The Next 100 Years : A Forecast for the 21st Century by George Friedman is a book of 3 parts. Great, fantastical, and good. George takes us on a journey of macro socio, politico, eco, and geo (and a mix of all 4) and by tracing back through history and cycles within it, has forecast what he believes to be the power struggles over the next century.

It is fascinating stuff initially, where he defines fault lines in terms of tension points around the globe and which countries will strive to make political, economic, social or geographical moves and against whom as the balance of power within continents shift and moves. It's certainly interesting stuff and as he acknowledges, he presents this in the full knowledge that he won't be around to see whether he was right or wrong (but he will I'm sure have made a good living from doing it) and so you can't really challenge his assumptions (or forecasts) too greatly.

Where the book gets a bit fantastical is around 2050 when we have the description of a world war, controlled by space centers, and troops in robotic "Iron Man" type costumes being fed electricity from Solar beams that have been microwave blasted down from solar panels on the moon. The realities of the first main section of the book seem light years away at this point (and who am I again to really challenge these assumptions?) but it does come back down to Earth again as we conclude the century with Mexico and the US in a power struggle for the control of North America.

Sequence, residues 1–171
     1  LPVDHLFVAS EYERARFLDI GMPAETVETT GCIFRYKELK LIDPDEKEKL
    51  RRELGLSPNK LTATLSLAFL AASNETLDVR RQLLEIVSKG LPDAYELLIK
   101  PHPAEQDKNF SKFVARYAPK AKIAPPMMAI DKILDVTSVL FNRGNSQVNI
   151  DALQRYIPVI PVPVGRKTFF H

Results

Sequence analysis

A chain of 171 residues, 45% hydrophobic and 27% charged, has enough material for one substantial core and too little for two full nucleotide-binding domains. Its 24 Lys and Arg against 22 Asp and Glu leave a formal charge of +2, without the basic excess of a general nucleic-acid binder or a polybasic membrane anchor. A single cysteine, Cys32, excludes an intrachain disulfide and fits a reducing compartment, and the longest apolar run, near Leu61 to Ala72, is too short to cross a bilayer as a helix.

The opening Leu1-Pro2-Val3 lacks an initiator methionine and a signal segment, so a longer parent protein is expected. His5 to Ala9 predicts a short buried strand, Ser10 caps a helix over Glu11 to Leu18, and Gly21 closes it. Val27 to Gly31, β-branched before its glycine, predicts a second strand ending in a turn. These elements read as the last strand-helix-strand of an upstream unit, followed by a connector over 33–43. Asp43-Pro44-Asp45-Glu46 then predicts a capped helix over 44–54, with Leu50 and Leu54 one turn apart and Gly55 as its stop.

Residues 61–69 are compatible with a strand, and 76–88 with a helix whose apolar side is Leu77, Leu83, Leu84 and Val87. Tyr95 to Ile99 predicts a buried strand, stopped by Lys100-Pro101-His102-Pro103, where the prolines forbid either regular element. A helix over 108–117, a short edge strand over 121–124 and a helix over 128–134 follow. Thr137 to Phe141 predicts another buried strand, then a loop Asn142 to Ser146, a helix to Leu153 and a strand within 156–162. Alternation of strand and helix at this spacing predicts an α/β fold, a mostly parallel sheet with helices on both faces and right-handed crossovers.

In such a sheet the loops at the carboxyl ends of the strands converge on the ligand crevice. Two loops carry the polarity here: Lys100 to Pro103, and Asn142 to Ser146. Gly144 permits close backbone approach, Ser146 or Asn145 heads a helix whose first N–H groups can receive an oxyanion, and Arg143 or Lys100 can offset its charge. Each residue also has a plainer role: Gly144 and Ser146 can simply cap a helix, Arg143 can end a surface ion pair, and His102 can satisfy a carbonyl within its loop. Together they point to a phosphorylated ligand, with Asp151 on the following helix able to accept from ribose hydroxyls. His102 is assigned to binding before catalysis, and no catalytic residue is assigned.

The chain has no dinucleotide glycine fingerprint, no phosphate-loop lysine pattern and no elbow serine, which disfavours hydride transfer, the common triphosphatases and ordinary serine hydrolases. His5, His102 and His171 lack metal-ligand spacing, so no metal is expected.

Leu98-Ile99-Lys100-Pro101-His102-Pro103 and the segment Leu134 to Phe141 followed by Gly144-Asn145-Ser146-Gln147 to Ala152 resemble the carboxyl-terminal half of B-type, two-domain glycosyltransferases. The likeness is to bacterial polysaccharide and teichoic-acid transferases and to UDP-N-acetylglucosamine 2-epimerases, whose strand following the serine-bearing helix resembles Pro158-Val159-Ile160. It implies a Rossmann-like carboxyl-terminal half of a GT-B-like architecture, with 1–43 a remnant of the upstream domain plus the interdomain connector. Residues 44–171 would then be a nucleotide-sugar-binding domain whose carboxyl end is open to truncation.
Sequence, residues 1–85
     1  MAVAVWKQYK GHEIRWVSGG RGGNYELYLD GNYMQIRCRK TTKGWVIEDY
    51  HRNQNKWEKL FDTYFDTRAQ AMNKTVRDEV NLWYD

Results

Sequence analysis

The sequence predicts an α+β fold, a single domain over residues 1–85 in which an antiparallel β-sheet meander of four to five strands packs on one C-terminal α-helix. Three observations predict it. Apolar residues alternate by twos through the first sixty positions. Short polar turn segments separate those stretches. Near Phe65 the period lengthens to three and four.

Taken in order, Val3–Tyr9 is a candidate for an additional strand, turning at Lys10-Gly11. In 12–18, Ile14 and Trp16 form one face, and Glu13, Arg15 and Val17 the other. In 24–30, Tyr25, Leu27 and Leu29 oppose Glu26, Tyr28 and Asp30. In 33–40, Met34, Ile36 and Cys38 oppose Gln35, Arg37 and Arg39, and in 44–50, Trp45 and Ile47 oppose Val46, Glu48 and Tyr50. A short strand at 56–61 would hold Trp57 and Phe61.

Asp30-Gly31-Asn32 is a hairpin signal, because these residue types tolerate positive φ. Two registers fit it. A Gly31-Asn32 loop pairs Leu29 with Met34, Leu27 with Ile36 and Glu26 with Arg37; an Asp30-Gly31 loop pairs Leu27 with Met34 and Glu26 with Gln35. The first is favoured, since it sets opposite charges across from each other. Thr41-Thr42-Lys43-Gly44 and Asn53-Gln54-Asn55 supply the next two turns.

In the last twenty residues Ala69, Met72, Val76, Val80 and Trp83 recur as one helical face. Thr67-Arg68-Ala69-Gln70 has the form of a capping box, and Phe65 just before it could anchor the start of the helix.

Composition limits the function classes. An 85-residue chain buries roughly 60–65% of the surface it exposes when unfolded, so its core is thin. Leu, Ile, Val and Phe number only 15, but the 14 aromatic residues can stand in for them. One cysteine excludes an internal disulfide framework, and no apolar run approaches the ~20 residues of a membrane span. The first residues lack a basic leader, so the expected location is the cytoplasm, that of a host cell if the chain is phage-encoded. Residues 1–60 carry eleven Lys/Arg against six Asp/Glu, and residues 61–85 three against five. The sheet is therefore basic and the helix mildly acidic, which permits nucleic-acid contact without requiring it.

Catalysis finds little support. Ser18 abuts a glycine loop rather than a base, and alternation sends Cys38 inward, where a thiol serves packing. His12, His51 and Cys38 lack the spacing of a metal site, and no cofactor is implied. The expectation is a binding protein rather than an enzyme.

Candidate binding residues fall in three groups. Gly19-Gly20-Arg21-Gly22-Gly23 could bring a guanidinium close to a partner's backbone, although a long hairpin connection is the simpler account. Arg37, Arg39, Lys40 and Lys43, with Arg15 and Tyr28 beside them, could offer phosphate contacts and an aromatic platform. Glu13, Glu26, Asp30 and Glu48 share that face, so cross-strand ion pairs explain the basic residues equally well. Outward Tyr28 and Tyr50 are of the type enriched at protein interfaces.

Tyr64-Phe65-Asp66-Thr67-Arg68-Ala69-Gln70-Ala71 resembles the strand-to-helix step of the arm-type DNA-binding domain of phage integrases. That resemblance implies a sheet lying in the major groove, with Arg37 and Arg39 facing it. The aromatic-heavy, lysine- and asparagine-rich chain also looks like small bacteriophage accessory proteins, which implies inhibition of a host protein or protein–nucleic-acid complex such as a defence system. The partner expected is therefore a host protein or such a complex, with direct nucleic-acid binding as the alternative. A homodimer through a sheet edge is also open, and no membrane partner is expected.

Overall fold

I have read reviews of this book that suggest that it is too central to America as the power base in the world, but as a non-American, I feel that this is probably justified as the start-point for the book is where we are today and you can't really debate the influence America has on the world, whether you like it nor not.

I enjoyed the majority of the book. The 2050 war and the whole space thing began feeling like reading some science fiction novel and that was at extreme odds to the very well structured and explained first and third section forecasts, but nonetheless this was an interesting and enjoyable read.
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No one can forecast what the weather will be next week in most parts of the world, why would anyone think that forecasting what nations will do in detail over 70 years is possible? George Friedman doesn't think it's possible either, but the exercise presents the opportunity to identify sources of potential future conflicts and alliances on the geopolitical stage. Thinking about those issues is well worth considering. An ounce of prevention may just help avoid tons of regret in some cases.

George Friedman believes that considerations of potential military defense and offense, access to needed raw materials and markets, demographics, political strengths and weaknesses, technology, and national economic interests can be combined to imagine how future leaders will see their situations and how well they will be able to handle old and new challenges vis-à-vis their neighbors and competitors. From those sources, he identifies factors that will probably be important which include: